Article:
What is Osteoarthritis?
But what exactly is osteoarthritis?
Osteoarthritis is a disease of the joint. In Osteoarthritis, fluid accumulates in the joint. This is because too much synovial fluid is produced in the joint capsule.
You can notice this by the swelling of a certain joint.
The freedom of movement around the joint is limited, so that you can stretch and use the joints less well. Because the joint can be used less well, loss of strength is a common side effect.
Simple daily actions, such as turning on the tap, can feel like a chore.
Osteoarthritis can occur in all joints, but the most common places where osteoarthritis presents itself are the hips, knees, thumbs, fingers, neck and lower back.
Common complaints of osteoarthritis
- Fluid accumulation in the joint
- Creaking sound/feeling
- Power loss
- Movement restriction
- Shooting pains
How does osteoarthritis develop?
Despite the fact that a lot of research is being done, it is not yet known exactly what causes osteoarthritis. There are factors that increase the risk of developing osteoarthritis.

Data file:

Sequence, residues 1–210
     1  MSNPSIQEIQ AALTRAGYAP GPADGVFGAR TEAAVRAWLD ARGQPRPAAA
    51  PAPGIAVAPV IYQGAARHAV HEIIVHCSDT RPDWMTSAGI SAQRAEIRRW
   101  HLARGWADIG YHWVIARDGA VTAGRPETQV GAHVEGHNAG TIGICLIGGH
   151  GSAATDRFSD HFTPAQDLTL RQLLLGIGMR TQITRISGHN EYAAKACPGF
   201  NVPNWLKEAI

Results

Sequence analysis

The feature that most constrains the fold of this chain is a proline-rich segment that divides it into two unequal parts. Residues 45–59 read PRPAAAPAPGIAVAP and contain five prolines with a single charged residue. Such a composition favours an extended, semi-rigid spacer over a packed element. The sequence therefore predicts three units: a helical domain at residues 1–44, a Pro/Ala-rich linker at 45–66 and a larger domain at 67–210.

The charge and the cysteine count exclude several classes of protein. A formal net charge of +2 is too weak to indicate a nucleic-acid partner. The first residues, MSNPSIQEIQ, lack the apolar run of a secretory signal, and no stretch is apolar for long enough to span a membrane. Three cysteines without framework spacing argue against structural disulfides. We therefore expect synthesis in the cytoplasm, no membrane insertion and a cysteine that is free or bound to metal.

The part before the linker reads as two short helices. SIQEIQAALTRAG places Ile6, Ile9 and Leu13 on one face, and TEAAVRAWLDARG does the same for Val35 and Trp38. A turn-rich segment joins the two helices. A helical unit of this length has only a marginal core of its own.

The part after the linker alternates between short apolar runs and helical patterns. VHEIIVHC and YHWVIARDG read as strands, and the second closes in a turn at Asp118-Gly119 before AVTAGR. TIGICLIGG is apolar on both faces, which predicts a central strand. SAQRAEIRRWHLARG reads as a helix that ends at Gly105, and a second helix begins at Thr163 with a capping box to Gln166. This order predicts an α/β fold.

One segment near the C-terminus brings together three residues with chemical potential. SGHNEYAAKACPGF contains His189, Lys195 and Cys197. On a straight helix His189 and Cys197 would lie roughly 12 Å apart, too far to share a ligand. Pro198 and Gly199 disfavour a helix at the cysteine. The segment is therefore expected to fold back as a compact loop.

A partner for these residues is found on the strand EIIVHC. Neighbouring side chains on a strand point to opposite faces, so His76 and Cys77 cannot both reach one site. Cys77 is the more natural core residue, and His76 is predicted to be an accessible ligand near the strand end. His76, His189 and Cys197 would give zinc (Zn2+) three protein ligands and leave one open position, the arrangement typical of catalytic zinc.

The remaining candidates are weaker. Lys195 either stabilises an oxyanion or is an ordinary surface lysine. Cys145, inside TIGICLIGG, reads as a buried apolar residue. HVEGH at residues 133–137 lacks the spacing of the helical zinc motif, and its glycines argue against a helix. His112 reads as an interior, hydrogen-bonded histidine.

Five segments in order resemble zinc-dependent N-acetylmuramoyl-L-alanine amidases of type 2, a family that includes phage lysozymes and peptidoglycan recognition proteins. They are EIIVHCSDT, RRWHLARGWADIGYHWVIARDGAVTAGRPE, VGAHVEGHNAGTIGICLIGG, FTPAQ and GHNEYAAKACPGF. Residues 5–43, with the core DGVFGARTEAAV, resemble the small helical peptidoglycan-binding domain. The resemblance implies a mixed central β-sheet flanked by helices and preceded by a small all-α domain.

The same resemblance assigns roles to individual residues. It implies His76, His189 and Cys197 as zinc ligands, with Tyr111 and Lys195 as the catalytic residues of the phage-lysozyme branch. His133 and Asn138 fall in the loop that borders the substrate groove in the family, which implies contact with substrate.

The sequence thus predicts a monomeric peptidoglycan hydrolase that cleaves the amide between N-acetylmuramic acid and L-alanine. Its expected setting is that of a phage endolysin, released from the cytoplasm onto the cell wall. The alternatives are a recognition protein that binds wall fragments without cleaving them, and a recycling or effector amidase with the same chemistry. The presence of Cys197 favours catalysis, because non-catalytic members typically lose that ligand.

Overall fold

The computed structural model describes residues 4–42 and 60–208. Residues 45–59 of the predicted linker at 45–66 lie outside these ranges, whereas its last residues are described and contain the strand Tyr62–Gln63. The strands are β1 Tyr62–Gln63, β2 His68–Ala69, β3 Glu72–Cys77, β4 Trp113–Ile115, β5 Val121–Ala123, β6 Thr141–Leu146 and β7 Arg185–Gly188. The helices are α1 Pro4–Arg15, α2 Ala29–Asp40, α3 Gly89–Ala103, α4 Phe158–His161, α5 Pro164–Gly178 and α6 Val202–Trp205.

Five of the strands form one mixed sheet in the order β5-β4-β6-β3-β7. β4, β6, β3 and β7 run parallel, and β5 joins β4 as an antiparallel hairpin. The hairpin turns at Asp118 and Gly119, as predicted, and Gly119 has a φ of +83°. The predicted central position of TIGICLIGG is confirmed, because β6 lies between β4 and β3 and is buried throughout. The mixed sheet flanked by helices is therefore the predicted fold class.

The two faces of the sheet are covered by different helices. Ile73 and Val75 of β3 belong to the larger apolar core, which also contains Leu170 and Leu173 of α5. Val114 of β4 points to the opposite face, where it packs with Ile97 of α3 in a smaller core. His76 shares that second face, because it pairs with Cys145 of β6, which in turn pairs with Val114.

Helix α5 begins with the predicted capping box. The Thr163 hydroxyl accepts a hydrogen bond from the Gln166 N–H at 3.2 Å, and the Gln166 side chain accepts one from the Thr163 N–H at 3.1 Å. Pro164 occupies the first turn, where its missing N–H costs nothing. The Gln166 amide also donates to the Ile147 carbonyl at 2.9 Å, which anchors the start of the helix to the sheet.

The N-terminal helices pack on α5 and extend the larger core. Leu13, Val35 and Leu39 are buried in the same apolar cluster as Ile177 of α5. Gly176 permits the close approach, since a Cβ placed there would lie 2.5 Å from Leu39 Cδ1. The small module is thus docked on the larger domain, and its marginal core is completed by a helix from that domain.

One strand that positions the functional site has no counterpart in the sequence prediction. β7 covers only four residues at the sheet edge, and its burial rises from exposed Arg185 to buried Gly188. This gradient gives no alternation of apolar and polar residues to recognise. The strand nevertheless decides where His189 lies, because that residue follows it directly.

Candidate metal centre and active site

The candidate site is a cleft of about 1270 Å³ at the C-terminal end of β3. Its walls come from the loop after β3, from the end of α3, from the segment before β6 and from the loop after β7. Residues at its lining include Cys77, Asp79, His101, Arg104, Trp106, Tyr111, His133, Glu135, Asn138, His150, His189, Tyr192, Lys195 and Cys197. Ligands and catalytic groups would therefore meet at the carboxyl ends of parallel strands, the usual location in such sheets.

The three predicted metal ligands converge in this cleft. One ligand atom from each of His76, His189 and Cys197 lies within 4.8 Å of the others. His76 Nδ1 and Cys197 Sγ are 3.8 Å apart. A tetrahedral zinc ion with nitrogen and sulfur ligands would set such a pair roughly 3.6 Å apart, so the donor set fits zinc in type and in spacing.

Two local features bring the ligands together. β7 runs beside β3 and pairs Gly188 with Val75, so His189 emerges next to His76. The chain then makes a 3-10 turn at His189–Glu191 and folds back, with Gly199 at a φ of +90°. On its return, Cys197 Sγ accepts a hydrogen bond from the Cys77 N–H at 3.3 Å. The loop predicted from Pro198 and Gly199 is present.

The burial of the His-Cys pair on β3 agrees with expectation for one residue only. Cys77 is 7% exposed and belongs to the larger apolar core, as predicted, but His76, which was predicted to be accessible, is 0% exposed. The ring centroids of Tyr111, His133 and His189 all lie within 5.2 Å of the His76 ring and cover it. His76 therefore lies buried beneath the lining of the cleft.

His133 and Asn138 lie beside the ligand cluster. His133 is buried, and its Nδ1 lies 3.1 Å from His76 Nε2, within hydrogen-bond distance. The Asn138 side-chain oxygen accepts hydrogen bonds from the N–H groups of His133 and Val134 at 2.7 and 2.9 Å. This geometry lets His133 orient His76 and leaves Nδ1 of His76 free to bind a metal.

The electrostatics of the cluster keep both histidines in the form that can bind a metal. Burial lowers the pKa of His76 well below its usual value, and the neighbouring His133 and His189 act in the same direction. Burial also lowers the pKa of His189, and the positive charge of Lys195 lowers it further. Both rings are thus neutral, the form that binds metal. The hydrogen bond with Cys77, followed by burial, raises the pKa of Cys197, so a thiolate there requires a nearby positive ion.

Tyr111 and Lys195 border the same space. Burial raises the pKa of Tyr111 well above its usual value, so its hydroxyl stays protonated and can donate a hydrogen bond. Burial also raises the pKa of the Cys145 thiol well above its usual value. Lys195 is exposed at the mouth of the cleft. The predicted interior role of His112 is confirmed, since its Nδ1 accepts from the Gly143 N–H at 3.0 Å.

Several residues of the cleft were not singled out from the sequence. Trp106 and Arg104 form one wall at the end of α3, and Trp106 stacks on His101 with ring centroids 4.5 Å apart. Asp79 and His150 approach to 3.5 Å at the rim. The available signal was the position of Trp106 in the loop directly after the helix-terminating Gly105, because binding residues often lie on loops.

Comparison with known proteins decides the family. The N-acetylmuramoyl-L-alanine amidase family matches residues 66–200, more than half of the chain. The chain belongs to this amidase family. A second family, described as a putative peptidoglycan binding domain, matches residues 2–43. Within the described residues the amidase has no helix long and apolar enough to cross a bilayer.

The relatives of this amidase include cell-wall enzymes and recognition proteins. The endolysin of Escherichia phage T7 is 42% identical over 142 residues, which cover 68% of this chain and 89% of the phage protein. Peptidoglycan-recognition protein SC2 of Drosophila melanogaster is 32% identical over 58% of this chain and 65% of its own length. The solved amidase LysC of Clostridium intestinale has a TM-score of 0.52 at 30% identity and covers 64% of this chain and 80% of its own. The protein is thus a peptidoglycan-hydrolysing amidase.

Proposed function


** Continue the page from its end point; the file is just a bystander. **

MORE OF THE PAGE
These include age, heredity, past joint damage, gender and overweight.
Can you prevent osteoarthritis?
You can do your best to reduce the risk of osteoarthritis by continuing to exercise. Adopting a good sitting posture can reduce the risk of osteoarthritis in the lower back.
In addition, it is important to keep doing exercises, so that there is sufficient freedom of movement around the joints.
Sports, such as swimming and walking can be nice because they are not very stressful for the body. The joints are lightly loaded during movement and the muscles are strengthened at the same time.
Sufficient exercise and a healthy weight are important. After all, there is less load on the joints when you are ‘fit’ in your body.
Just as important as getting enough exercise, it is to take enough recovery time. This prevents injuries and the risk of osteoarthritis at a later stage.
5 yoga exercises that can help with osteoarthritis
With osteoarthritis it is important to keep moving, but always make sure that postures do not hurt. Uncomfortable is allowed, but pain is never good.